An alpha of 0.05 is an indication that the p-values are <0.05 alpha; thus, the null hypothesis (H01) is rejected, and the (HA1) hypothesis is accepted that there is a statistically significant relationship between particulate matter size, and employee annual sick days. This correlation analysis shows that the authors are comfortable with making a Type I error (Creswell & Creswell, 2018). They indicate the p-value 1.89059E-17 (1.89059*10-17) < 0.05.

The size of the particulate matter is strongly correlated with and negatively related to the number of annual employees' sick days according to Pearson's correlation coefficient, with r = 0.715 and R2 = 51. This illustrates that the variability in employee sick days is 51%, which will be explained by the size of the particulate matter.

Descriptive Data and Assumptions: Simple Regression

Frequency Distribution Table

Expenditure

Frequency

20-500

108

501-1000

76

1001-1500

27

1501-2000

11

2001-2500

1

Time

Frequency

0-50

6

51-100

26

101-200

98

201-300

85

301-400

8

Histogram

Descriptive Statistics Table

safety training expenditure

lost time hours

Mean

595.9843812

Mean

188.0045

Standard Error

31.4770075

Standard Error

4.803089

Median

507.772

Median

190

Mode

234

Mode

190

Standard Deviation

470.0519613

Standard Deviation

71.72542

Sample Variance

220948.8463

Sample Variance

5144.536

Kurtosis

0.444080195

Kurtosis

-0.50122

Skewness

0.951331922

Skewness

-0.08198

Range

2251.404

Range

350

Minimum

20.456

Minimum

10

Maximum

2271.86

Maximum

360

Sum

132904.517

Sum

41925

Count

223

Count

223

Largest(1)

2271.86

Largest(1)

360

Smallest(1)

20.456

Smallest(1)

10

Confidence Level(95.0%)

62.03197147

Confidence Level(95.0%)

9.465484

Kolmogorov-Smirnov Test

H02: There is no statistically significant relationship between safety training programs, expenditure, and lost-time hours.

HA2: There is a statistically significant relationship between safety training programs, expenditure, and lost-time hours.

Measurement Scale

Nominal

Measure of Central Tendency

Median

Evaluation

When observing the above data, the simple regression analysis uses an alpha 0.05. It also states a p-value of 7.7E-105 (7.6586* 10-105) < 0.05. The null hypothesis (H02) is rejected, and the alternative hypothesis (HA2) is accepted; there is a statistically significant relationship between safety training programs, expenditure, and lost hours.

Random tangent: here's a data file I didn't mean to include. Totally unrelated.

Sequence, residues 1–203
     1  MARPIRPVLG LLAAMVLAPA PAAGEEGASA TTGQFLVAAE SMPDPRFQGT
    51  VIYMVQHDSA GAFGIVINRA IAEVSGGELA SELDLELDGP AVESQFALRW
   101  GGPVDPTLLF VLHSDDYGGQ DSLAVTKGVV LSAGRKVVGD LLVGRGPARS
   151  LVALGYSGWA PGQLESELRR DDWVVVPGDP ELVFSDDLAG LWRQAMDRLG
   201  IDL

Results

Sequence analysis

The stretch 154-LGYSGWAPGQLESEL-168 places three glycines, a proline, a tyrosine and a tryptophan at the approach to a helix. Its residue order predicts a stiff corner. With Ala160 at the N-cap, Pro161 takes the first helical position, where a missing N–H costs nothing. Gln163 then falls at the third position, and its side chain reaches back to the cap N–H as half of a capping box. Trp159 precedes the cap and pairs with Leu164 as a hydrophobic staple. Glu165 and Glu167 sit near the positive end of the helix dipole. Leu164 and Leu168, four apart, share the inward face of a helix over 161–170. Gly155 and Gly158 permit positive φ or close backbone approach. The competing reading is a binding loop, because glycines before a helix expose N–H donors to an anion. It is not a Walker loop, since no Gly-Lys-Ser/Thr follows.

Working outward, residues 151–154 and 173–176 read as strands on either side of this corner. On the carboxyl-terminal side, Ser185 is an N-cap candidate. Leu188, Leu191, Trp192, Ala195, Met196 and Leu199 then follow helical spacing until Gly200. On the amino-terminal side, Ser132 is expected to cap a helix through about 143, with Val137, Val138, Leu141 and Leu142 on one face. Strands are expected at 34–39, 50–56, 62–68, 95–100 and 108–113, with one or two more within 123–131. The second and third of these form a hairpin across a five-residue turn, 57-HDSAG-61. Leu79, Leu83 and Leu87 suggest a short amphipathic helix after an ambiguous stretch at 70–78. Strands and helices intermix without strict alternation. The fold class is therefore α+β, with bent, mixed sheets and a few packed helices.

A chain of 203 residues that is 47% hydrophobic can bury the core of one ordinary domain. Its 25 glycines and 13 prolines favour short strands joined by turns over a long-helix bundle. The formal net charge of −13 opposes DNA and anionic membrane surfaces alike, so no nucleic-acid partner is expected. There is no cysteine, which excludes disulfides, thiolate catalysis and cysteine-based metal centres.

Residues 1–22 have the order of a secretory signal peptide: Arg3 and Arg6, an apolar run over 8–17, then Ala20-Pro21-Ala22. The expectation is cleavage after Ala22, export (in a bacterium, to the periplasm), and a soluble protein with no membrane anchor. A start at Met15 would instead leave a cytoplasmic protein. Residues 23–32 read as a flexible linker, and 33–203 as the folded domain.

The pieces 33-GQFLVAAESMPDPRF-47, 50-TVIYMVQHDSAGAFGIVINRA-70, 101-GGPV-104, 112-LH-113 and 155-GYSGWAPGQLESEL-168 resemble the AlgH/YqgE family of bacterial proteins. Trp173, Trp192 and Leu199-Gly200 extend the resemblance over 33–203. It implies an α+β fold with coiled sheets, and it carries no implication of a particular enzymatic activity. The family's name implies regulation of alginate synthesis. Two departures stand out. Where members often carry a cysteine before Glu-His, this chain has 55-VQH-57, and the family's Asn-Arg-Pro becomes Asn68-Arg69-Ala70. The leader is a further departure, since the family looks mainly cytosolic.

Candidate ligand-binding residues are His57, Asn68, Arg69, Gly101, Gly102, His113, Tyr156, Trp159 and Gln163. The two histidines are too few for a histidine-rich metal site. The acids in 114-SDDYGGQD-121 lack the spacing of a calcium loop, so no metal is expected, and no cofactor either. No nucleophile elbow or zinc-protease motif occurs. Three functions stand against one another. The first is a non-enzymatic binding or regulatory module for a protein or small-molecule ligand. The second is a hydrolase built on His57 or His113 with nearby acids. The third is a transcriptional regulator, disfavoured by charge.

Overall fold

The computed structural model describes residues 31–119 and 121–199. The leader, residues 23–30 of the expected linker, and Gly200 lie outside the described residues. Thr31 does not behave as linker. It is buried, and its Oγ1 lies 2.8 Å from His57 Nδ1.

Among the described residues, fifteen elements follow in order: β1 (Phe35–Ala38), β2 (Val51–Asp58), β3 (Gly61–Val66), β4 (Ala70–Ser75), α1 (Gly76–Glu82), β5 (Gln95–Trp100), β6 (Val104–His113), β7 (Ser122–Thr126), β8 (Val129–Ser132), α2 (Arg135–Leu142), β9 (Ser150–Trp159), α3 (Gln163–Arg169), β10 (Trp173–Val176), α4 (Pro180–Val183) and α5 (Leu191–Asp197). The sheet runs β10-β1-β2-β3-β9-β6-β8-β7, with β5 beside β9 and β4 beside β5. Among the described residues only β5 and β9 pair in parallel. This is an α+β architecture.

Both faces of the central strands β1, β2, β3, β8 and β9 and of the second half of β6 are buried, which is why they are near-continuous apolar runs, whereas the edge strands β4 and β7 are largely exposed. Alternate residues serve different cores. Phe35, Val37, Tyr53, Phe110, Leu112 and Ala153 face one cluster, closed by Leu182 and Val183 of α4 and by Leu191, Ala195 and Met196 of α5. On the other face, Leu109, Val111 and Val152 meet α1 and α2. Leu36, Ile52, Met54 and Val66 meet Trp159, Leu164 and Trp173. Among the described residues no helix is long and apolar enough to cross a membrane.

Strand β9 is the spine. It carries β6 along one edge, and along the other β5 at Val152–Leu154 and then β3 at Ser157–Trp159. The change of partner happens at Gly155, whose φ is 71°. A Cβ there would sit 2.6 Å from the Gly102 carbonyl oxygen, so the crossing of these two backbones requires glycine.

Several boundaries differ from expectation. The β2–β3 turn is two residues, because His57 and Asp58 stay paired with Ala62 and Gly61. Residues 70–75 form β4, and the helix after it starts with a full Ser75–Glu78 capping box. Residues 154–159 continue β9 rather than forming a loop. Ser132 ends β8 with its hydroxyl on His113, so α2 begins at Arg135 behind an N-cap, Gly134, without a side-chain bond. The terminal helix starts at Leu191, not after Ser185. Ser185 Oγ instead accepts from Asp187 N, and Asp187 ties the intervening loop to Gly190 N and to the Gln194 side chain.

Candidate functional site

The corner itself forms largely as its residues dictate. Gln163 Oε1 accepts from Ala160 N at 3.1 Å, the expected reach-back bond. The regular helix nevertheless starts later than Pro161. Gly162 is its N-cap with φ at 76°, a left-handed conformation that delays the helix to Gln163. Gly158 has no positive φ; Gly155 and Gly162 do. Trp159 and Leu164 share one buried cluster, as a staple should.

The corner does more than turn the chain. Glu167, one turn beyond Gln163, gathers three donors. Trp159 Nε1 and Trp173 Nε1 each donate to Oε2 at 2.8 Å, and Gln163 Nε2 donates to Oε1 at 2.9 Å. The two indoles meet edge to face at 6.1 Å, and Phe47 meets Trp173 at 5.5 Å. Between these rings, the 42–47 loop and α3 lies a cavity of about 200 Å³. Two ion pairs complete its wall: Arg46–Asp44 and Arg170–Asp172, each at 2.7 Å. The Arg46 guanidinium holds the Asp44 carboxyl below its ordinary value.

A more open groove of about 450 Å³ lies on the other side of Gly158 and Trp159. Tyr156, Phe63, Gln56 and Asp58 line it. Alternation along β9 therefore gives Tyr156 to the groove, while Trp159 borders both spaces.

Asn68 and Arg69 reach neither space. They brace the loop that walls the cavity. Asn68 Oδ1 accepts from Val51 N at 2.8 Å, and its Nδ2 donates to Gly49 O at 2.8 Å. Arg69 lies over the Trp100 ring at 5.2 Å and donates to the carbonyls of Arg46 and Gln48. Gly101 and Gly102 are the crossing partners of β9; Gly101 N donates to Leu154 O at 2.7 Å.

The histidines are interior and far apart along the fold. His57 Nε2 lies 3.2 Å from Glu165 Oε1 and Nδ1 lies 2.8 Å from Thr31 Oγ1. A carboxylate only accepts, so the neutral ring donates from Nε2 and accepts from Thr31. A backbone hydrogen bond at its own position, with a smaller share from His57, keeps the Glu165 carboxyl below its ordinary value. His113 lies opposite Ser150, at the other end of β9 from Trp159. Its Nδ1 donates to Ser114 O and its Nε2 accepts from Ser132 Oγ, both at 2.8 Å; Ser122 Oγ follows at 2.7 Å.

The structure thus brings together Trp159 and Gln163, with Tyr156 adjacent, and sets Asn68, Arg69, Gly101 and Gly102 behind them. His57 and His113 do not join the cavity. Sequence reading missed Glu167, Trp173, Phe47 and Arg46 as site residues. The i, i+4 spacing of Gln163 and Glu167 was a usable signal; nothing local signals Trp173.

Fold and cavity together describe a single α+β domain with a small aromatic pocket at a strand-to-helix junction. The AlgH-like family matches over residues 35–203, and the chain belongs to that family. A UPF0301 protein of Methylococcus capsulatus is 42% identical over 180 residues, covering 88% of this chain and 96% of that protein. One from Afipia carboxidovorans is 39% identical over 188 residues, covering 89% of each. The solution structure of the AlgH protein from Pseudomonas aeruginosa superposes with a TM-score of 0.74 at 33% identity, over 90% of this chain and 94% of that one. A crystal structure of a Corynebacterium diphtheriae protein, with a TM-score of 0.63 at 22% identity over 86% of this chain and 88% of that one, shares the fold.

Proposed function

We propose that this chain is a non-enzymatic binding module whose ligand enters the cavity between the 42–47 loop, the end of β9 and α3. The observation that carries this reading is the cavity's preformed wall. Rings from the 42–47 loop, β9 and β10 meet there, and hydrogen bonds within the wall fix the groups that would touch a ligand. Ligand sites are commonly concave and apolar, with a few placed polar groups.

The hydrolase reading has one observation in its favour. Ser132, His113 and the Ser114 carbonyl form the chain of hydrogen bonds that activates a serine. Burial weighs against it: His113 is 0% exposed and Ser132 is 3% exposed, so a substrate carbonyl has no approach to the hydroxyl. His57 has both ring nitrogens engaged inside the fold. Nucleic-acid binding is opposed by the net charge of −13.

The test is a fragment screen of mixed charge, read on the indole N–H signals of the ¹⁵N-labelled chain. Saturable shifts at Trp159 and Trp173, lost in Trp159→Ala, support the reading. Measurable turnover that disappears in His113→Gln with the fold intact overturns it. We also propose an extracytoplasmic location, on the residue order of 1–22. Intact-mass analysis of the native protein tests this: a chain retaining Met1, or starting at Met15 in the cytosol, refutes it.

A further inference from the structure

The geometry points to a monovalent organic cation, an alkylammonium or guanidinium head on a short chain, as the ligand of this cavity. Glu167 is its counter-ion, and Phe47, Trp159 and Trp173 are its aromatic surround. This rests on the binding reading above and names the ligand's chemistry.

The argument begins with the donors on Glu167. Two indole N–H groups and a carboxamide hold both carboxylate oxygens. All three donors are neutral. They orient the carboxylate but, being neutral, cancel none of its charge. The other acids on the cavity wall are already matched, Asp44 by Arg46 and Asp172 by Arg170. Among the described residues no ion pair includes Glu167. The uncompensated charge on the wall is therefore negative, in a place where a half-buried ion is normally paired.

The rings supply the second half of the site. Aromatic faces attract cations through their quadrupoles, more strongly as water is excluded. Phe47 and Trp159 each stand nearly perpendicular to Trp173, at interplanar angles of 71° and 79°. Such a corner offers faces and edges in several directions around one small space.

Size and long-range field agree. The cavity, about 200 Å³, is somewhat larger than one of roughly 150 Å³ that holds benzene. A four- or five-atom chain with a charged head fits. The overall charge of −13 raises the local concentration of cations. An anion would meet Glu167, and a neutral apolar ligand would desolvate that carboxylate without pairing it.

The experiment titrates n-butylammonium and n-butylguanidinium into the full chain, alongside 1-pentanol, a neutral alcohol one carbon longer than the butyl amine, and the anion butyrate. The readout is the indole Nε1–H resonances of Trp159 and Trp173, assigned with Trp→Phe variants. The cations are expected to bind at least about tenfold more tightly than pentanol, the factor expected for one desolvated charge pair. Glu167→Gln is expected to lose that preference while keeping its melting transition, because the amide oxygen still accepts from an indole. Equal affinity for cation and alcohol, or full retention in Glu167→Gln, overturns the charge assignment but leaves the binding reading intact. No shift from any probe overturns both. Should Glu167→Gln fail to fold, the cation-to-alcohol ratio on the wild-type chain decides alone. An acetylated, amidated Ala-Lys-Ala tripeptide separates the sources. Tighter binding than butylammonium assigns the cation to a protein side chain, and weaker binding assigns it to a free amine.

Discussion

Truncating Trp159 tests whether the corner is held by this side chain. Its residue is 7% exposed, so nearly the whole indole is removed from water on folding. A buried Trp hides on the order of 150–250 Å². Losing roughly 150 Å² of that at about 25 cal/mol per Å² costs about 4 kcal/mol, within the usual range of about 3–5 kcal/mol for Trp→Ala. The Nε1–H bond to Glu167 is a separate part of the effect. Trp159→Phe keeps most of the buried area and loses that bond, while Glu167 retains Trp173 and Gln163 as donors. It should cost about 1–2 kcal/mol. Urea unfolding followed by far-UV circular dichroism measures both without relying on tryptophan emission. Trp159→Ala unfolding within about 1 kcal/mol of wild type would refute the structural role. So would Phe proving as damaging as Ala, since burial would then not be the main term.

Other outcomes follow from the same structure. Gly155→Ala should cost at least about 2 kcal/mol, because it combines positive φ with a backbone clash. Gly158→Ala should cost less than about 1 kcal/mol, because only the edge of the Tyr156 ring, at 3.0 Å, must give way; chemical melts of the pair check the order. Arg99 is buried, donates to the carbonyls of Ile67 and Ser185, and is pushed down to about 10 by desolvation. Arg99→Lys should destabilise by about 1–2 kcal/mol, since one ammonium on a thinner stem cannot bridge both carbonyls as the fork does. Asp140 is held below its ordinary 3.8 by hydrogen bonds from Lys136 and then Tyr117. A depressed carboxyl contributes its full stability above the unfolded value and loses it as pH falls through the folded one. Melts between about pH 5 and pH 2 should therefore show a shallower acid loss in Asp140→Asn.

The correlation coefficient is r = 0.94, and a very strong negative relationship was found between safety training programs, expenditure, and a decrease in lost hours. This correlates to an R2 of 0.884, which explains the 88.4 percent of the variance between safety training programs, expenditure, and reducing lost hours.

The lost time hours equations are performed by a linear formula: Y = m + bX, which is equivalent to coefficients 1753.60 + (-6.158) (safety training programs, expenditure, and reducing lost hours).

Descriptive Data and Assumptions: Multiple Regression

Frequency Distribution Table

Decibel

Frequency

100-106

4

107-111

51

112-116

126

117-121

249

122-131

786

132-141

287

Histogram

Descriptive Statistics Table

Decibel

Mean

124.8359

Standard Error

0.177945

Median

125.721

Mode

127.315

Standard Deviation

6.898657

Sample Variance

47.59146

Kurtosis

-0.31419

Skewness

-0.41895

Range

37.607

Minimum

103.38

Maximum

140.987

Sum

187628.4

Count

1503

Kolmogorov-Smirnov Test

H03: There is no statistically significant relationship between the primary variable (frequency, angle in degrees, cord length, velocity, and displacement), and decibel level.

HA3: There is a statistically significant relationship between the primary variable (frequency, angle in degrees, cord length, velocity, and displacement), and the decibel level.

Measurement Scale